Machine Learning: A glorious reality


Accordingly, to research, it reveals that Machine Learning is turning as more relevant in many organizations as this hype becomes a reality.

It also states that,

•   There are enormous opportunities for building up better business Intelligence as well as a range of activities carried out by accountants.

•   Adoption of the technologies like Machine Learning and Artificial Intelligence must be made a legitimate business need rather than it just wanting to be seen as a disruptive force.

•   Certain ethical challenges lie ahead- as Accountants need aligning professional competence as well due care with AI and Machine Learning.

The 40 percent of accountants or respondents, In the UAE, currently view the Machine Learning or AI as mostly hype, and 55 percent stated that in three years period it would become a reality.

These findings are published in a recent report from ACCA (the Association of Chartered Certified Accountants) that Machine Learning: is more science than a fiction that also highlights how the newer tech developments have massive as the well brighter potential for the accountancy profession.

It also focused on machine learning aspect, which means “Ability of computer programming to support ‘learning’ and in making critical decisions or predicting based on analyzing vast sets of data.”

According to words as stated by the report’s author and head of business insights at ACCA Narayanan Vaidyanathan, “Machine Learning will emerge as a critical area of study for development for the accountants soon. In looking the road ahead, it will also be very crucial in understanding the value as well its benefits, and the ethical challenges that it projects for accountancy professional viewpoint.”

In all, Machine Learning will be the base point for a legitimate business need with a clear understanding of what it can bring to the organization.

‘An I and machine learning will add worth to the work accountants do – from generating valuable insights for business decision-making, to fraud detection, risk assessment, understanding complexities in taxation and conjointly with more practical non-financial coverage. Therefore, the business professional must perceive; however, AI and machine learning work, particularly given its role in influencing the trust we’ve got within the choices of those systems.’

Fazeela Gopalani, head of ACCA Middle East added that: ‘The UAE has endowed heavily in technical capabilities ahead of Expo 2020, and could be a thriving as an industrial hub. However, once it involves AI, accountants are attempting to ascertain through the hype to know the realities.

Like all technology, with power comes responsibility, and within the case of machine learning, moral issues are not far away. Accountants ought to contemplate and manage potential moral compromise from decision-making by algorithmic rules, like the chance of bias within the information set that feeds them and therefore, the issue of answerability for choices created.’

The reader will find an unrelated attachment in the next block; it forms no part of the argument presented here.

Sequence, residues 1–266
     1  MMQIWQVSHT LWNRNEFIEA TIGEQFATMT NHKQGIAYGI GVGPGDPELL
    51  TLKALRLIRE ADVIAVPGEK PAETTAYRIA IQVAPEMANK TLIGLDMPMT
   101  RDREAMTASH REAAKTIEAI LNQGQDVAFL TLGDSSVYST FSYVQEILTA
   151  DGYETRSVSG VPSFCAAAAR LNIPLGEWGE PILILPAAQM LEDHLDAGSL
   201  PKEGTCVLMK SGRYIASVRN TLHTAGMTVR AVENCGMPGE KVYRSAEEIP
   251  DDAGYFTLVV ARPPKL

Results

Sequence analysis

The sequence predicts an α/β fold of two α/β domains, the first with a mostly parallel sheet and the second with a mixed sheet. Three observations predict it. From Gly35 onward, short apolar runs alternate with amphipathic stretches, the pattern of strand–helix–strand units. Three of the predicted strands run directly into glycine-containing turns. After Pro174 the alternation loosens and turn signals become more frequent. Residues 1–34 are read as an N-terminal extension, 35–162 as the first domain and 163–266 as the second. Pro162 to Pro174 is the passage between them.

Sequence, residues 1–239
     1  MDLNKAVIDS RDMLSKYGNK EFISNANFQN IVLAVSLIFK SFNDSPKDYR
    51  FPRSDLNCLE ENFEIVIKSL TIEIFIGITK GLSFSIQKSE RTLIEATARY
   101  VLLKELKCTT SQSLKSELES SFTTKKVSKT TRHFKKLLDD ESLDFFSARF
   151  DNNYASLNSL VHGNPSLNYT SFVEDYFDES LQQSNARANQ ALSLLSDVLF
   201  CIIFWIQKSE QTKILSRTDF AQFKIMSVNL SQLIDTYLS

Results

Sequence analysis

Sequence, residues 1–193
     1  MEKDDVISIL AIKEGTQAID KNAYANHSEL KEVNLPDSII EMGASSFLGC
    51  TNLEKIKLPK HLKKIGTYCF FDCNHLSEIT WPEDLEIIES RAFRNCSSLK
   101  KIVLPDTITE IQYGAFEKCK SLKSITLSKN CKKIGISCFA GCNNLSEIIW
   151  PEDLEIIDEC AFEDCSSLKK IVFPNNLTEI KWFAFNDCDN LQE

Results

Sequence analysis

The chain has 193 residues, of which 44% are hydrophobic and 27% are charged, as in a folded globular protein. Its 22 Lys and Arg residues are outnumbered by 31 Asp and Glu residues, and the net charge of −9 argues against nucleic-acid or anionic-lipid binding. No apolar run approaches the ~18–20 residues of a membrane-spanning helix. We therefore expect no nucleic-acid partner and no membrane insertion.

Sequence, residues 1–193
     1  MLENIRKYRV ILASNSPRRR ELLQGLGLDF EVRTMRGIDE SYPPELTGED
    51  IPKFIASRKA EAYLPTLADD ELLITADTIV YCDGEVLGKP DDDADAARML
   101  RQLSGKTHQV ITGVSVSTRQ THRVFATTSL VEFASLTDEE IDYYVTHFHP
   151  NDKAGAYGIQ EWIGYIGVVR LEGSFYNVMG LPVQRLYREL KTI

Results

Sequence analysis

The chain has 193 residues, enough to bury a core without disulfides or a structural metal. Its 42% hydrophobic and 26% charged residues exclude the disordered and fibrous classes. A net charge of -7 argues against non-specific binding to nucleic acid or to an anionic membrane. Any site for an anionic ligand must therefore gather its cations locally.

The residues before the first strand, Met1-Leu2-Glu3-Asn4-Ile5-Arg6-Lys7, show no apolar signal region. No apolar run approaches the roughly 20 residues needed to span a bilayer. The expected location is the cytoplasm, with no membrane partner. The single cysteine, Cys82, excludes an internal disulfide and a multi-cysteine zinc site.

The results for the UAE sample show that 46 percent don’t have any plans for adoption of machine learning in their organization, with solely twelve percent undecided concerning it. Twenty-seven percent are having initial discussions or exploring ideas, compared to twenty-four percent globally. Five percent, one amongst the best percentages compared to different markets, are at the advanced testing stage, with ‘go live’ in 3 to 6 months, and 5 percent are at full production mode addressing vital data-based information.

For the UAE, the primary barriers to adopting machine learning are cost and value implications at fifty-six percent, with forty-nine percent citing a lack of skilled workforce to steer the adoption. Nearly a 3rd – the best and topmost level – admits they see no clear benefits from utilizing machine learning.

The report also emphasizes that at a minimum, all finance professionals ought to knowledge AI is evolving and be aware of how the developing capabilities might overlap with their impact on their roles. To organize for the digital future, ACCA already examines a spread of digital topics among its Masters level ACCA Qualification. It’s conjointly increased the digital content across several of the exams for college students, whereas conjointly guaranteeing digital is weaved into members’ continuous skilled development.

Fazeela Gopalani concludes: ‘Machine learning’s entrance into the business thought could be a chance here within the UAE, however conjointly globally. This can be a part wherever skilled accountants can develop a core understanding of rising technologies, building their digital skills aboard their communication skills so that they will justify the results very well.

They’ll then actually like the power of technologies like machine learning to support them with intelligent analysis of immense amounts of knowledge.’